It's a long offseason. The Digital Viking: The EDSBS Guide To Spicy Living is our antidote to long weekends without sweet, sweet football. The five categories are Drink, Comestibles (snack), Combustible (shit what blows up), Transit (gettin' by) and Canon (essential cultural inputs), watched over by a patron saint invoked for inspiration. On duty today: Douglas and Orson.
PATRON SAINT: Sergeant Stubby
In a week full of exciting WAR DOG related news, let us remember the greatest WAR DOG of our past, the legendary Sergeant Stubby. Stubby adopted U.S. Army trainee Private J. Robert Conroy as he trained at Yale University, trapping him first with cuteness, and then with his ability to follow drill commands, bugle calls, and even do a one-pawed salute. This all sounds very adorable, but Stubby's plan was but a cunning prelude leading up to Stubby's true goal: ripping the debauched, effete, and thoroughly evil throat out the Kaiser himself.
Stubby then talked Conroy into smuggling him onto the boat over to France, where he was discovered by a commanding officer who--combat tactics, Mr. Ryan!--allowed Stubby to remain with the unit after Stubby saluted him. He then followed the unit into battle and quickly became the greatest canine soldier of his generation, surviving gas attacks, alerting soldiers to incoming artillery long before their weak human ears could hear them, and even capturing a German spy by biting the living shit out of him until his backup arrived.
Stubby even dared the Germans to play fetch with grenades, and suffered injuries when he miscalculated the timing on one particularly unfortunate throw, but whatever: Stubby wanted blood, sweet blood, and a little bit of spare German change left in his carcass was going to quench this thirst for a little Hun-punch straight from the tap.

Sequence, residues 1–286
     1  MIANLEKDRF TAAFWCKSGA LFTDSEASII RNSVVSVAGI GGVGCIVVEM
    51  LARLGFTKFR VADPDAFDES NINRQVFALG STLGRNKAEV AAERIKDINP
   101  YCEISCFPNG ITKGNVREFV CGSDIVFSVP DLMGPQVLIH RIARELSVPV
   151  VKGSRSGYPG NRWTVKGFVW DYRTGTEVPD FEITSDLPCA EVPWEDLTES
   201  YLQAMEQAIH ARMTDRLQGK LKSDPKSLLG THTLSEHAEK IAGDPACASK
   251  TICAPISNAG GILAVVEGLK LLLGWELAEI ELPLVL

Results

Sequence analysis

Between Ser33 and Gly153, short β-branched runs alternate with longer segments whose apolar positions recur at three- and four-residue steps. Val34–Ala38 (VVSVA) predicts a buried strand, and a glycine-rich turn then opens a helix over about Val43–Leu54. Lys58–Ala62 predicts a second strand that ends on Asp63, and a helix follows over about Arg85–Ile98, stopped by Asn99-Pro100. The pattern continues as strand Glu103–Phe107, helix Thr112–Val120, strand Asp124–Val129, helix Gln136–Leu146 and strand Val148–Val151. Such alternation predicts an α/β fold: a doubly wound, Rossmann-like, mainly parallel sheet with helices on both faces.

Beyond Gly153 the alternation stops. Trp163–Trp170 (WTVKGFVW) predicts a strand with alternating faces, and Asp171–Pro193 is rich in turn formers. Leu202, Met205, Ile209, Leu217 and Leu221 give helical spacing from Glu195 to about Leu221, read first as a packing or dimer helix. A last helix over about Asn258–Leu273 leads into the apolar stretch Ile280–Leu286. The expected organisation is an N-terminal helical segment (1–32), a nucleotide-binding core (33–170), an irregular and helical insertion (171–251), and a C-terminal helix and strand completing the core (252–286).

Stubby finished the Great War with 17 battles to his name, a wound stripe for his bad fetch call, and the rank of Sergeant. He later became the model for the Georgetown mascot, boosted morale by visiting veterans in the hospital, and died at the age of something like ten or eleven in the arms of Conroy, muttering his final words "I only regret not ripping the sweet flesh of the Kaiser's voicebox out of his throat myself."
Raise a glass to Sgt. Subby, and then proceed to the Digital Viking.
Doug: Holly and I busted out the Bulleit Rye for not one but two momentous occasions this past week: First, the news that Osama bin Laden had gotten himself wet up by a crew of Navy SEALs in Pakistan, and a few days later, the kickass finale to another kickass season of "Justified." Bulleit. Bullets. Huh -- we didn't plan it that way, but it worked out kind of perfectly, didn't it?
Orson: The Stapleton Sex of beers, Ghostface Killah Malt Beverage.
The beer made from hot peppers indeed sounds like that leaving a hearse, it will indeed do worse to your palate, throat, stomach, and even the very lines you use to funnel your beer into glasses.
Twisted Pine will begin pouring the beer in five-ounce glasses at its tap room on Cinco de Mayo -- and serving it with a queso dip made from the beer -- but won't be putting it on tap. "It's so hot, you can't even put it on tap. It will destroy your tap line," Valenta says, adding that the brewery had to replace its tap line after serving the beer on tap last year.
And for no reason, let us quote our favorite Ghostface triplet ever:
Who want to battle the Don?
I'm James Bond in the Octagon with two razors
Bet cha'all didn't know I had a fake arm
If there is another rapper who will boast about having a prosthetic arm AND agree to use his name on a beer that destroys plumbing, we have not met him.